City may extend sidewalk repair rebates

Chad Frey
The Kansan
More people at home, and walking in their neighborhoods, has led to more calls to city hall to report trip hazards on sidewalks.

In February the Newton City Commission launched a sidewalk repair rebate program, targeted at property owners who had been cited for safety violations in 2020 and 2021.

It was, in part, a response to an increase in complaints and violations issued for sidewalks in a state of disrepair that were a safety hazard for pedestrians.

The program, which was started with seed money from a previous program, has helped 67 property owners to the tune of $41,648.03 this year. That breaks down to an average of $621.61 per property — with 26 properties applying based on violations in 2021 and 41 properties applying based on violations in 2020.

To date, 13,208.5 square fee of sidewalk have been replaced through the program.

Oct. 26 the city commission will be asked to continue the program beyond the end of 2021. A resolution in the city agenda packet, if approved, would continue the program until all funds designated for the program are exhausted — or other funding is designated.

In February the city commission  approved $150,000 in funding ($75,000 for 2020 and $75,000 for 2021) through 2021 from a capital reserve account, created from funds received from special assessment payments from a suspended sidewalk repair program in 2007 through 2009.

Rising complaints

In 2020 there were 100 complaints of sidewalks in disrepair investigated by the city of Newton — a massive increase over previous years. In fact, the three previous years totaled 57 complaints. 

"With COVID-19 we have a lot of people at home, they are wanting to get out of the house and they are walking and utilizing sidewalks," said Suzanne Loomis, director of public works for the city of Newton during meetings to launch the rebate program. "... When people are stumbling upon a a sidewalk that is in disrepair, they are calling the engineering office, the environmental officer. We are inspecting those and sending out notices."

Those in violation are issued a citation, which requires repair of the sidewalk.

"The maintenance of the sidewalks is the the responsibility of the adjacent property owner," Loomis said.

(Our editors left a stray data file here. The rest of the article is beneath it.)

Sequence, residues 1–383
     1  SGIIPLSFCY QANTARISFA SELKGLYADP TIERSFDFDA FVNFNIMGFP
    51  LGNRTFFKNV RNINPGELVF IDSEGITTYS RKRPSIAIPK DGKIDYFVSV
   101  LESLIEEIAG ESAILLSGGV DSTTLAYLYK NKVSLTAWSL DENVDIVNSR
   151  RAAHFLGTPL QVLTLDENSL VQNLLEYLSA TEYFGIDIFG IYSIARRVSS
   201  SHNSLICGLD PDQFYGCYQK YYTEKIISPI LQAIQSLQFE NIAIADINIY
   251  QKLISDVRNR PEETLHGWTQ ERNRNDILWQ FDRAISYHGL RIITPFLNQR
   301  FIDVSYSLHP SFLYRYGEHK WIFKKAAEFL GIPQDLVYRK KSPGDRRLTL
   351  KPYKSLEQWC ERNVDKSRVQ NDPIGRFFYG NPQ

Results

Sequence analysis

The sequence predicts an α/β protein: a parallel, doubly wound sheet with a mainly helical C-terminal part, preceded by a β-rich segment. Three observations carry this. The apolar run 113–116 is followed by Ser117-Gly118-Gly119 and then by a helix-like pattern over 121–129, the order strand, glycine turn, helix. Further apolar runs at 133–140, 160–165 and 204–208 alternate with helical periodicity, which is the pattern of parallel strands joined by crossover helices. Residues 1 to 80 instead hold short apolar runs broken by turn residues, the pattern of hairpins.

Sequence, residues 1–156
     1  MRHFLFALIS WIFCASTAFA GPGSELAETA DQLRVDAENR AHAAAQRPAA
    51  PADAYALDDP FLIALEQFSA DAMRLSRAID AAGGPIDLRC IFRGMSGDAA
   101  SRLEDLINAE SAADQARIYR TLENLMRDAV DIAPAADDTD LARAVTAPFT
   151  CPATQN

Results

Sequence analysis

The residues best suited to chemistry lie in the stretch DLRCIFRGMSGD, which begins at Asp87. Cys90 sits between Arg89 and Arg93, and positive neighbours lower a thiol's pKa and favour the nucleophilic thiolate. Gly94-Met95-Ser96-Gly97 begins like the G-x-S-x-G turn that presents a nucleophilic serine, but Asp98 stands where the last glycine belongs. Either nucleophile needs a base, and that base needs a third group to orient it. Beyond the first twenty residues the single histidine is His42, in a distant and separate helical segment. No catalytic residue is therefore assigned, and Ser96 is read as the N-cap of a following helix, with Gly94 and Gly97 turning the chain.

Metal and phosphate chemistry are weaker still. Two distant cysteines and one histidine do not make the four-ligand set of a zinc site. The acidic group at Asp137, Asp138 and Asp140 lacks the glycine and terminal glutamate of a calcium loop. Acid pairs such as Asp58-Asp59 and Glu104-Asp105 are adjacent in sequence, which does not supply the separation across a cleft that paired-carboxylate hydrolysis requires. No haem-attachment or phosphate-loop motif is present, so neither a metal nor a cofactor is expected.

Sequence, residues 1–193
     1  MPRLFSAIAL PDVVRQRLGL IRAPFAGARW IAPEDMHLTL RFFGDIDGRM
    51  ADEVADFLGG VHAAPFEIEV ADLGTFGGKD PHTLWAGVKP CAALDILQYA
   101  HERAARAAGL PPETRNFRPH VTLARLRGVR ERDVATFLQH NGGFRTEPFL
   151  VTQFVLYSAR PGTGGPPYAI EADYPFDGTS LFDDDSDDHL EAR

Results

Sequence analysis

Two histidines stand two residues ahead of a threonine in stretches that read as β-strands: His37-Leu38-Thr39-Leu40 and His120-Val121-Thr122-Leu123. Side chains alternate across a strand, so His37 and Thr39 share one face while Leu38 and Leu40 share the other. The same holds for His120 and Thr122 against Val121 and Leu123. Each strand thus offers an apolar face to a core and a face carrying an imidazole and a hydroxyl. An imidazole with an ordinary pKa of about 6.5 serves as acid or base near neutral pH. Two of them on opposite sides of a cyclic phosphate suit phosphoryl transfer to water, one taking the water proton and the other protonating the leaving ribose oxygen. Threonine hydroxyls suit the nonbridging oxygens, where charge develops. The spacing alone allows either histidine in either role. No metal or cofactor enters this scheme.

Each property owner that is approved for the program is eligible to a city- issued rebate of up to $3.50 per square foot of sidewalk repaired or replaced with a maximum of  $800.00.

"That does not mean that it pays for the entire sidewalk," Loomis said. 

The area that is repaired or replaced and subject to reimbursement is limited to the public sidewalk which is on the street frontage, that being on the street right-of-way and running parallel to the street, and shall not include any sidewalk serving as an approach or entrance into the property or any structures thereon.

Previous programs

This is not the first time the city has had a program in place to assist with sidewalk repair. 

In 2005, the city began a cost-share program to help residents pay for necessary repair work. The program was discontinued by the city commission in 2009 due of a lack of funding.

Under the 2005 program, work was completed by a low-bid contractor determined by the City. The City paid the contractor in full and shared costs with the property owner — up to $2.50 per square foot of sidewalk replaced and a maximum of $500 per address or $1,000 for a corner lot. Property owners could either pay their share to the city in a lump sum or pay it off on their property tax statement over a five-year period.

“We bid those project out so we could have economies of scale,” Loomis said. “If you need only two panels done, that cost (per panel) is going to be higher than if you have several hundred feet of sidewalk that needs to be done.”